Monday 22 February 2016

Early botany

Helleborus niger - a common (and protected) species in Slovenia, found especially in mountain forests of beech, spruce and fir. Now in full bloom throughout the forests of the Notranjska region (pics from mt. Slivnica and Cerkniško jezero).

Helleborus odorus - a much plainer (and commoner) version of the previous. Also protected in Slovenia, like all the other Helleborus species. This one is usually found in more open habitats, like woodland margins and meadow. Pic from Cerkniško jezero.

Erythronium dens-canis (Dog's-tooth-violet) - a quite common flower found in woodland and forest throughout Slovenia. Found the first flowering specimens of the season today (Slov. Karst).

Hacquetia epipactis (Astrantia epipactis) - a quintessential spring presence in the forests of Slovenia. Named after Balthasar Hacquet (1735-1815) who lived and botanised in Carniola (part of today's Slovenia) and collected this interesting species. Pic taken on the Slovenian Karst, where it is locally common.

Hepatica nobilis - very common early-spring woodland flower.

Ilex aquifolium (Holly) - an uncommon (but well-known) forest species with evergreen leaves and beautiful red berries in winter. Photographed on mt. Slivnica (Notranjska region).

Daphne laureola - one of the six species of this genus in Slovenia. In comparison to the others, it is the only one with small greenish flowers that can go easily unnoticed. It is very poisonous like all other Daphne species.

Tussilago farfara - common early-spring flower, especially on roadside banks, wasteland and gravelly places.

Cardamine enneaphyllos on the bottom of a karstic doline - Orleška draga near Sežana (Slovenian Karst).

Mercurialis perennis in flower (Orleška draga, Sežana).

Pulmonaria officinalis - another very common spring species.

Not only hazels have catkins! These are alder's Alnus glutinosa. Last year's female "cones" are on the same twigs as well.

Looks like I can't wander around the Karst without stumbling on a Middle Spotted Woodepcker Dendrocopos medius. I'm currently co-organizing a systematic census of the species in W Slovenia, to carry on in March.

Thursday 11 February 2016

The Karst in late winter

Recently I've been out just around the Karst (mostly in Slovenia), because of the poor weather. Still, I managed to catch a couple of sunny days. Today I found the above Fox Vulpes vulpes basking in the sun at the woodland edge by a local road. Apparently this individual isn't bothered by the presence of humans. It showed well while sitting, stretching and rolling on the grass, before deciding to walk across a small glade and across the main road.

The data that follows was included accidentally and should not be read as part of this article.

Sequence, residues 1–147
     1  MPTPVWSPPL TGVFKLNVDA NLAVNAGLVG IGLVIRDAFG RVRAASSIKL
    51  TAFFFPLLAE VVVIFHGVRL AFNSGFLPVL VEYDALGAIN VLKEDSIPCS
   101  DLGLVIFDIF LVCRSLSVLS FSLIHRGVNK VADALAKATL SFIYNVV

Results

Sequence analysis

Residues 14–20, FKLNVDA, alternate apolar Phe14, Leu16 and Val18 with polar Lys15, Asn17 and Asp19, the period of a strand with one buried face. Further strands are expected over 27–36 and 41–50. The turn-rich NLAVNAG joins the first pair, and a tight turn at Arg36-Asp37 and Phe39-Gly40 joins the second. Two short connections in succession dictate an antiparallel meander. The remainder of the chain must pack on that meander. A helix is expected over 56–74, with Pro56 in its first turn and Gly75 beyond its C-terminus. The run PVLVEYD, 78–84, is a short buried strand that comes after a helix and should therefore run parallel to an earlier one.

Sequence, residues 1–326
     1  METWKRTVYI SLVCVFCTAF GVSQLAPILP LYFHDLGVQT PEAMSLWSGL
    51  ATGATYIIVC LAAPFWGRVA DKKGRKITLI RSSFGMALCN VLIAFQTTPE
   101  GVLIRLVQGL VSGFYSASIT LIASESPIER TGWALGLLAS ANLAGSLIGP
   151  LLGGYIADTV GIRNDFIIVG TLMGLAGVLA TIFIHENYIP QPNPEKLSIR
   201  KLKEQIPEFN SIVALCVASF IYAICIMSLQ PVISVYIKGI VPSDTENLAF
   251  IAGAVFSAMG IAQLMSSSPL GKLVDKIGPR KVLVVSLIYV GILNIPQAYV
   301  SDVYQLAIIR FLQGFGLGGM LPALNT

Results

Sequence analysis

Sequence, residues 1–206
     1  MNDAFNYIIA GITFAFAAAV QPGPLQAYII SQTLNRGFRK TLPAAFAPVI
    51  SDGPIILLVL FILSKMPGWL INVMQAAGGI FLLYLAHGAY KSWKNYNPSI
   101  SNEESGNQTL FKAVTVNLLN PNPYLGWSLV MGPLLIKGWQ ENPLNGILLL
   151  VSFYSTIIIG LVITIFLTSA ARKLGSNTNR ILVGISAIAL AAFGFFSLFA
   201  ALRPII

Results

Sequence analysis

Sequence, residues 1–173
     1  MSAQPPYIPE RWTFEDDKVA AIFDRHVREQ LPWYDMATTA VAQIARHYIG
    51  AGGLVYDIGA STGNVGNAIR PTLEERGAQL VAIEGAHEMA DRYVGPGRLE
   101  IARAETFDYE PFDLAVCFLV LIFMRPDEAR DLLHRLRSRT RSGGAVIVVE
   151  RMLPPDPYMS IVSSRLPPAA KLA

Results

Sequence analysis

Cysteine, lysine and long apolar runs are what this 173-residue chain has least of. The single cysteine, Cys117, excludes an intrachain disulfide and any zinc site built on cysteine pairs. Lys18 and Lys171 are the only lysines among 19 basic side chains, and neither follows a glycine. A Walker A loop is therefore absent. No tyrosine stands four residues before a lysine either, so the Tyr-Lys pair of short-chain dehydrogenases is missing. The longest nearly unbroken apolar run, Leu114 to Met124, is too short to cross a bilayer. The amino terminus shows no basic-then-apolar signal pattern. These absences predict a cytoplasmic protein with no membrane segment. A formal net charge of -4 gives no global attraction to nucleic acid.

Middle Spotted Woodpecker Dendrocopos medius. The pair on the Karst I'm visiting regularly is again quite territorial after the winter break. Today lots of spontaneous calling and "mewing", but the birds were only showing briefly. A Green Woodpecker Picus viridis with its "yaffle" was also announcing that spring is on the way.

Loranthus europaeus - a tree-parasite adorning oaks in winter. The yellow fruits are the only touch of colour in the woodland's canopies at this time of year. This plant grows on the branches of trees and steals nutrients and water to the host. The seeds are dispersed by birds, mostly Mistle Thrushes Turdus viscivorus, which are common in the forests where I took these photos.

Crocus reticulatus. A common species on the Karst, especially on dry, stony grasslands. It is the first flower to appear in late winter on such dry meadows. The very rare Crocus weldenii is also out at the same time. Note the dark striping on the outer side of the petals - the character from where the species got its name.

Helleborus multifidus ssp. istriacus - the commonest flower on the woodland floor at the moment. I saw the first already in December, but now the spring newcomers are popping out literally everywhere.

Galanthus nivalis - snowdrops also out in good numbers.

Flock of Bullfinches Pyrrhula pyrrhula. This year, among the flocks seen on the Slovenian Karst, I have frequently heard the "trumpeting" calls associated with the northern (nominate) subspecies pyrrhula. Other observers have noticed these birds as well.

Corylus avellana - hazel's catkins (male flowers).

Cirl Bunting Emberiza cirlus (male).

A small stream in the forest - full of water due to the recent rainfalls.

Meanwhile on the bird table - Hawfinch Coccothraustes coccothraustes is (in my opinion) the smartest visitor to the garden. This winter there's also a good influx of Siskins Carduelis spinus (behind the Hawfinch in the pic) - a flock of +20 birds is present on a daily basis.